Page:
A new way to boost the immune system’s fight against cancer
Cells of the immune system that help fight off disease, including cancer, are switched on in special organs found in the body called lymph nodes. The immune system can also generate other areas to activate these cells, particularly where there is a region of diseased tissue, such as near a tumour. These special sites for switching on immune cells are called tertiary lymphoid structures, and it is known that for some cancers that the more of these structures that exist in or near a tumour, the longer the patient will survive.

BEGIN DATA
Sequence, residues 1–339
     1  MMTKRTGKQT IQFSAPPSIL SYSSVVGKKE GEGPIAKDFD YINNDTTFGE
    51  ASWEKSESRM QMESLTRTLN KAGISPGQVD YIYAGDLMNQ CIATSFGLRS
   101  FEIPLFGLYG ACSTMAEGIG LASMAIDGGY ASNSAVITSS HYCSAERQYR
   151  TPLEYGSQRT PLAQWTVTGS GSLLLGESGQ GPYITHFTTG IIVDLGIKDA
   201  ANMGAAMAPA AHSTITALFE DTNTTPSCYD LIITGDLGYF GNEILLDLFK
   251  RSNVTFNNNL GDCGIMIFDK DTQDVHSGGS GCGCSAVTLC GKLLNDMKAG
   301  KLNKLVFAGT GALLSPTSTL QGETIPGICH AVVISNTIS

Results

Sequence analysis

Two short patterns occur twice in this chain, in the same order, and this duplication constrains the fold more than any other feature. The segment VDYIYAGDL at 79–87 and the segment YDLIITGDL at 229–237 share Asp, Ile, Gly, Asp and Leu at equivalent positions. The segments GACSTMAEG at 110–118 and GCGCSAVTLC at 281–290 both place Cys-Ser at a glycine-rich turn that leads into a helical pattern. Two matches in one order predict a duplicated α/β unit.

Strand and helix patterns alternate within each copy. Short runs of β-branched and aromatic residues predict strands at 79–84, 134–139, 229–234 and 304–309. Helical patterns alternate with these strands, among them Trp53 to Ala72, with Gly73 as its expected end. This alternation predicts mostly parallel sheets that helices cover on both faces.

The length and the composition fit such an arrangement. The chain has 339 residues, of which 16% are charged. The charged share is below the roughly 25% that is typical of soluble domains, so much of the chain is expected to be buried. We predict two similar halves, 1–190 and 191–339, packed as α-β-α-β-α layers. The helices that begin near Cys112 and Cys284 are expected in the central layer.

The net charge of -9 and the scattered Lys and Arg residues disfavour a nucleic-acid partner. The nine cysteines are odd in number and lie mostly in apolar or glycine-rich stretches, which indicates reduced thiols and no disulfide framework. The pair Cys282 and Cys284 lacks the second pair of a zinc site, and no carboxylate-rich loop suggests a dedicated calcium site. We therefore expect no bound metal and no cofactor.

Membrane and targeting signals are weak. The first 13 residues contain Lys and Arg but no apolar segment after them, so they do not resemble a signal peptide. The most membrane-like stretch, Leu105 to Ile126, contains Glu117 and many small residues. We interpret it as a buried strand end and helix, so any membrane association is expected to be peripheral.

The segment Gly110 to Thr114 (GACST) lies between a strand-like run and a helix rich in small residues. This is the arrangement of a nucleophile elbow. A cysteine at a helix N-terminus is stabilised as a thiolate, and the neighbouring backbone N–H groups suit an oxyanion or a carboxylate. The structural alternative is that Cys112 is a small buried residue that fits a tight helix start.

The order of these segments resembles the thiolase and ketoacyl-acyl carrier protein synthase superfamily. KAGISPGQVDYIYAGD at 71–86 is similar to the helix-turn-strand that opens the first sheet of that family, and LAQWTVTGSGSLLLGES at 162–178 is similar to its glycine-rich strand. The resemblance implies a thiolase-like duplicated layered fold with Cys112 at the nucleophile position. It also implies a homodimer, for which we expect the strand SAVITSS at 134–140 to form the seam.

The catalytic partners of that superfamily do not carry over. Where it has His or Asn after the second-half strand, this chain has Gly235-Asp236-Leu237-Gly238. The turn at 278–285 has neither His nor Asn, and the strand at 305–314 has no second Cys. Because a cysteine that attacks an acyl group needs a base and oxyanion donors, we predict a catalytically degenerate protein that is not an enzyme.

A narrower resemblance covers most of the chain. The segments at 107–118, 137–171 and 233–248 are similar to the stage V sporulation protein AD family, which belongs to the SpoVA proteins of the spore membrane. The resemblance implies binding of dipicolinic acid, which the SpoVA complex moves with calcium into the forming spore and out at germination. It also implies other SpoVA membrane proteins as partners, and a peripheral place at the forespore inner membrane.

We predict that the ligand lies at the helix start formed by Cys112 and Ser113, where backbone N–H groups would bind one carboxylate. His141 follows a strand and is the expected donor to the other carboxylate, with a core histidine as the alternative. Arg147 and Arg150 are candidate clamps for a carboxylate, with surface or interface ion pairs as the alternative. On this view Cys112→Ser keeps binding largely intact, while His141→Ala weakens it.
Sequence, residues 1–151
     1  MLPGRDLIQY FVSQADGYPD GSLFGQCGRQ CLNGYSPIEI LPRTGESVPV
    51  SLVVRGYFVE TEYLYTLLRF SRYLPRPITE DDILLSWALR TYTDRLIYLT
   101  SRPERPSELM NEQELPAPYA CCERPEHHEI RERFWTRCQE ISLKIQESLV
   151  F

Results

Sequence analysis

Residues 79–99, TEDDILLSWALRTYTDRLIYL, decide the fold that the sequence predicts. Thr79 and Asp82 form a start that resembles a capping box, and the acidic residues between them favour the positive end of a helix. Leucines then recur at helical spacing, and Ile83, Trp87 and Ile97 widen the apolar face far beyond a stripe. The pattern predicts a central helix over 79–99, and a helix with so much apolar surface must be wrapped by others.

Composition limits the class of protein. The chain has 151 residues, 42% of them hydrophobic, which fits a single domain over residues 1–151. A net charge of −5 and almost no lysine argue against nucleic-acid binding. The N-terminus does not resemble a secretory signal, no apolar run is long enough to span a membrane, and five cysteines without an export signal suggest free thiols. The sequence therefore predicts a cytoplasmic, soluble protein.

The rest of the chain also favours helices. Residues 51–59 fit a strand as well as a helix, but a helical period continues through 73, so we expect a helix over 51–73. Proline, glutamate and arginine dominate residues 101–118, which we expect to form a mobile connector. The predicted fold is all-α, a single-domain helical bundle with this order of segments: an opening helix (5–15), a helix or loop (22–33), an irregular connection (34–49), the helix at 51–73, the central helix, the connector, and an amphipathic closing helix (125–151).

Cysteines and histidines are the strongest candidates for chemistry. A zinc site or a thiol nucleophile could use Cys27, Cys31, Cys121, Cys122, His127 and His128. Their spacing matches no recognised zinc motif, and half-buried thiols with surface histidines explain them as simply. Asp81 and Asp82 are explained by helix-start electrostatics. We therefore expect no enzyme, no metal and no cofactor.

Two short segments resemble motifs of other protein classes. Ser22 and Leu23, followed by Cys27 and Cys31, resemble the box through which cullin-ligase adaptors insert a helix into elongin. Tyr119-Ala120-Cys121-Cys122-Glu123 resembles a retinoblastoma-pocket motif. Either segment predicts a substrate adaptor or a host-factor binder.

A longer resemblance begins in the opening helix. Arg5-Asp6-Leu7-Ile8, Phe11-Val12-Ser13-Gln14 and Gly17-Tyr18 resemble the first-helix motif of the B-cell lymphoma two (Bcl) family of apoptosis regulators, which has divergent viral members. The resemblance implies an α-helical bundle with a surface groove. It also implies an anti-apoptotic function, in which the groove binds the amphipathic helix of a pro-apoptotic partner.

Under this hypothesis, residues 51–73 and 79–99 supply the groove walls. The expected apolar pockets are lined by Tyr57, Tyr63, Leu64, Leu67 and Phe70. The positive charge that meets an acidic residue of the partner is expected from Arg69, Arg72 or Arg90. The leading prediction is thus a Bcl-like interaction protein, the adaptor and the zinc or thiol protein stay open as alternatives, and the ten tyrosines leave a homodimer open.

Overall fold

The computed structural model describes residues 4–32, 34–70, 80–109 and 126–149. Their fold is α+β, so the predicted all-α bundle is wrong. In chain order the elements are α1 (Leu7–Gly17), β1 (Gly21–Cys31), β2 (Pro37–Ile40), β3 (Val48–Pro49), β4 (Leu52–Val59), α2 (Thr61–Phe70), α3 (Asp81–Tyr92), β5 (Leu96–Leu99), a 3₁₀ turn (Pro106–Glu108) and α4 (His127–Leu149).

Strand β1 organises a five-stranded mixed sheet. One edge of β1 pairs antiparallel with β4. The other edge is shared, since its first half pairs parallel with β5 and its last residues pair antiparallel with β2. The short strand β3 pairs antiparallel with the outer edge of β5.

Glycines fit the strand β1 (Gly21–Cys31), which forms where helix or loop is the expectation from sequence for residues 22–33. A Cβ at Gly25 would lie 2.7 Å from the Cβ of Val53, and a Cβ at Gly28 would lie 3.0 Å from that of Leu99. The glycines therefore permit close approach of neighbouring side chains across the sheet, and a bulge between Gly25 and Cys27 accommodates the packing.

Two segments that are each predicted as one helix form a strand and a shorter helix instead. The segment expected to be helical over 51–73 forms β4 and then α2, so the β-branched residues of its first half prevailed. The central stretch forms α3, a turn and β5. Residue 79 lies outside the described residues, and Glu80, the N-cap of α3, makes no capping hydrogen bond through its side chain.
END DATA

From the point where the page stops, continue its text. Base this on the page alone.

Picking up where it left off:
Professor Maries van den Broek and her team want to work out exactly how these structures develop in the body to help develop a new cancer therapy that might be able to promote their development in patients. They are going to study in detail the impact these structures have on the immune response against tumours and importantly, how inducing the development of these structures might be able to enhance the effectiveness of standard cancer treatments.